London is amazing and taking photos there is challenging and fun! A tripod while shooting near the river Thames is difficult as the Police will shut you down. So set up, grabs your brackets quickly and move along…maybe you can catch the shot you are looking for! After being hassled on either side of the bridge, I started my walk back to get a close up of Big Ben. This shot is from walking over the Westminster Bridge. I loved the street lights stopped set my gear tip and grabbed the shot! Cheers!
Processing HDR Tip: Software these days is awesome! I have noted a big jump in sharpness of my HDR pics. Let me tell you my secrets!
1) I switched from using Photomatix to HDR Efex Pro. I feel as though HDR Efex Pro is sharper when producing tone mapped photos right out of the gate!
2) I add NIK’s Tonal Contrast filter to my HDR’s. Mask any areas that added additional noise due to the process (especially skies).
3) onOne Software’s Photo Tool 2.6: I use “Portrait Sharpen” filter on every picture! onOne rocks!! I can’t live without onOne. It is my favorite!
That is all! These three steps help sharpen my shots!! Of course start out with a sharp pic from the get go with a tripod!
Talke Photography Settings:
Lens: Nikon 18-200 f/3.5-5.6
Setting: Aperture Mode
Focal Length: 22.0 mm
Exposure: HDR 5 Exposures (+2 to -2)
Post Process: Adobe CS5, HDR Efex Pro, Color Efex Pro, OnOne Software Photo Tools 2.6
Jolly ole England is one amazing city! When you visit…so many sights to see! A wealth of HDR possibilities!! On of the most famous is the Tower Bridge. Many people (even me) before my first visit always called this London Bridge. That is incorrect…it is the Tower Bridge. No matter what you call it…it is one cool bridge! Looking at it you can just feel the history! That is what travel is all about. So with that historical fell…I added a a few textures to make it have that olden look.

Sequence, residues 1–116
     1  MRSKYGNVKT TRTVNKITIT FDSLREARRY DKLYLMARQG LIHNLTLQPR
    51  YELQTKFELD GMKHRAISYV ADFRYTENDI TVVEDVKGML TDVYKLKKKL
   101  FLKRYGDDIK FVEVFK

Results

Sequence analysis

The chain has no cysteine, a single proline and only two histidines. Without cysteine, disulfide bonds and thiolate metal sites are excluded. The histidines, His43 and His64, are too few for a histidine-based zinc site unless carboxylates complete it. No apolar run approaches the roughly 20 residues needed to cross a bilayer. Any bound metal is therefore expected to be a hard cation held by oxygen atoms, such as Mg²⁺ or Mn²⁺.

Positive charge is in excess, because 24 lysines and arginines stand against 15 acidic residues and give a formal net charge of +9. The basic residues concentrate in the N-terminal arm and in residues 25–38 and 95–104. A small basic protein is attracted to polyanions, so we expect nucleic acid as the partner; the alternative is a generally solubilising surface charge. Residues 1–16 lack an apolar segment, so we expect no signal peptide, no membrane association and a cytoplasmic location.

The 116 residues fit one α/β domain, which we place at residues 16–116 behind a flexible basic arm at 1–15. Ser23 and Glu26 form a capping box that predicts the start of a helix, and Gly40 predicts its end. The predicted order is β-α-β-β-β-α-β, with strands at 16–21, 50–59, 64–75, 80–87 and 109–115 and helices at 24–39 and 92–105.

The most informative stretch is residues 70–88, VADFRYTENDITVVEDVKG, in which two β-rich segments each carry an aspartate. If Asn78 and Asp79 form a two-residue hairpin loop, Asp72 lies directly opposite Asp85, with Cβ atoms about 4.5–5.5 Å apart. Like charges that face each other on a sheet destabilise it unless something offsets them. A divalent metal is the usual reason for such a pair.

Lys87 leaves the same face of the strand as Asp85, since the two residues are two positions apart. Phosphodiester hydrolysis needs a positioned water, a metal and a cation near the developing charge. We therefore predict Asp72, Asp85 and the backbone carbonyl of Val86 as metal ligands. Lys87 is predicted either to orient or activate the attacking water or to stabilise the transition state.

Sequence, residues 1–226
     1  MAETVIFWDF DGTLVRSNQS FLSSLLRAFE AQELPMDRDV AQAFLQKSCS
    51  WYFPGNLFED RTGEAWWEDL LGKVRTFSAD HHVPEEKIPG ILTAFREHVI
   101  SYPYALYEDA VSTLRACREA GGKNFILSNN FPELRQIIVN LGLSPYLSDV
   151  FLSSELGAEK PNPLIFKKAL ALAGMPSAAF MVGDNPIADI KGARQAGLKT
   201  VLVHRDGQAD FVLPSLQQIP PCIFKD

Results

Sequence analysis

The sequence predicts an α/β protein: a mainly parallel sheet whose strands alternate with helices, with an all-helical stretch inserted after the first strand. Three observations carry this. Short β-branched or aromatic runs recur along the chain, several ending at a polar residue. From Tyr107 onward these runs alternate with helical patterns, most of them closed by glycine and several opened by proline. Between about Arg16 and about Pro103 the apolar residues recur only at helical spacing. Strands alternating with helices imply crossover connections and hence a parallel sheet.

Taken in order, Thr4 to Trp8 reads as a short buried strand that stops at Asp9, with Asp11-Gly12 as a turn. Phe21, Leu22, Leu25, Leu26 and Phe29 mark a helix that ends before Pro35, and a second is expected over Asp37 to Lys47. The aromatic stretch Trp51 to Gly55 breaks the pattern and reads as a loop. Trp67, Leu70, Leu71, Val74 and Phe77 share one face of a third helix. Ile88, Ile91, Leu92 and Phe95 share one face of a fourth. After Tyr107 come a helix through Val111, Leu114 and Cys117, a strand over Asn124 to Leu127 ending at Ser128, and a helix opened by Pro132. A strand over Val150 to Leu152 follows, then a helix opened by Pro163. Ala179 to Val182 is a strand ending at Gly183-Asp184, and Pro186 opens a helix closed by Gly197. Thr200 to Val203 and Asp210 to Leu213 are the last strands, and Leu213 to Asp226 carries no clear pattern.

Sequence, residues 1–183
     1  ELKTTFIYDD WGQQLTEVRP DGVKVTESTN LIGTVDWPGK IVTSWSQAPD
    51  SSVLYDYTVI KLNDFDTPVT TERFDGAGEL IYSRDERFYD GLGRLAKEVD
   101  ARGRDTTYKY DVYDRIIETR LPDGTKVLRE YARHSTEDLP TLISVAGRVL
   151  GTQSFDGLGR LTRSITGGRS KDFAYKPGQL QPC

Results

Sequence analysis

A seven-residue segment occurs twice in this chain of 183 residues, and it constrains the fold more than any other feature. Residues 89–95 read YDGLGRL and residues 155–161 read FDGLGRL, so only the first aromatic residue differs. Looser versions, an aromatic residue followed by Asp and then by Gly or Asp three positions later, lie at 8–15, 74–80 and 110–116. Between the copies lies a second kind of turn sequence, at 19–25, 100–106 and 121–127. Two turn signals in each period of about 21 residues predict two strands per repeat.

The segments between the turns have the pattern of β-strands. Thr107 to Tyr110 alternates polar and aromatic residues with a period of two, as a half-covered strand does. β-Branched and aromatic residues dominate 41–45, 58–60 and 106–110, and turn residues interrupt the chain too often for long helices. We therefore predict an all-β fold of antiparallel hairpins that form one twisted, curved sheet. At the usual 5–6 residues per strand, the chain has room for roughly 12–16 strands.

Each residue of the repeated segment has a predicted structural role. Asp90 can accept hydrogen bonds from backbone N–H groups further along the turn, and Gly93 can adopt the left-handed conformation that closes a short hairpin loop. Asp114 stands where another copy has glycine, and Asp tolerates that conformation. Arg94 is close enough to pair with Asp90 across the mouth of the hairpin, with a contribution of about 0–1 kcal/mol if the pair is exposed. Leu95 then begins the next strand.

Some info from the web: Tower Bridge is a combined bascule and suspension bridge in London, England, over the River Thames. It is close to the Tower of London, which gives it its name. It has become an iconic symbol of London. Construction started in 1886 and took eight years with five major contractors – Sir John Jackson (foundations), Baron Armstrong (hydraulics), William Webster, Sir H.H. Bartlett, and Sir William Arrol & Co. – and employed 432 construction workers. E W Crutwell was the resident engineer for the construction. Two massive piers, containing over 70,000 tons of concrete, were sunk into the riverbed to support the construction. Over 11,000 tons of steel provided the framework for the towers and walkways. This was then clad in Cornish granite andPortland stone, both to protect the underlying steelwork and to give the bridge a pleasing appearance. The bridge was officially opened on 30 June 1894 by The Prince of Wales (the future King Edward VII), and his wife, The Princess of Wales (Alexandra of Denmark)
Talke Photography Settings:
- Camera: Nikon D300
- Lens: Nikon 12-24 f/4.0
- Setting: Aperture Mode
- Focal Length: 22.0 mm
- ISO: 200
- Exposure: HDR 5 Exposures (+2 to -2)
- Aperture: f/4.5
- Gear: Tripod
- Post Process: Adobe CS5, Color Efex Pro HDR Efex Pro, Photo Tools 2.6, Textures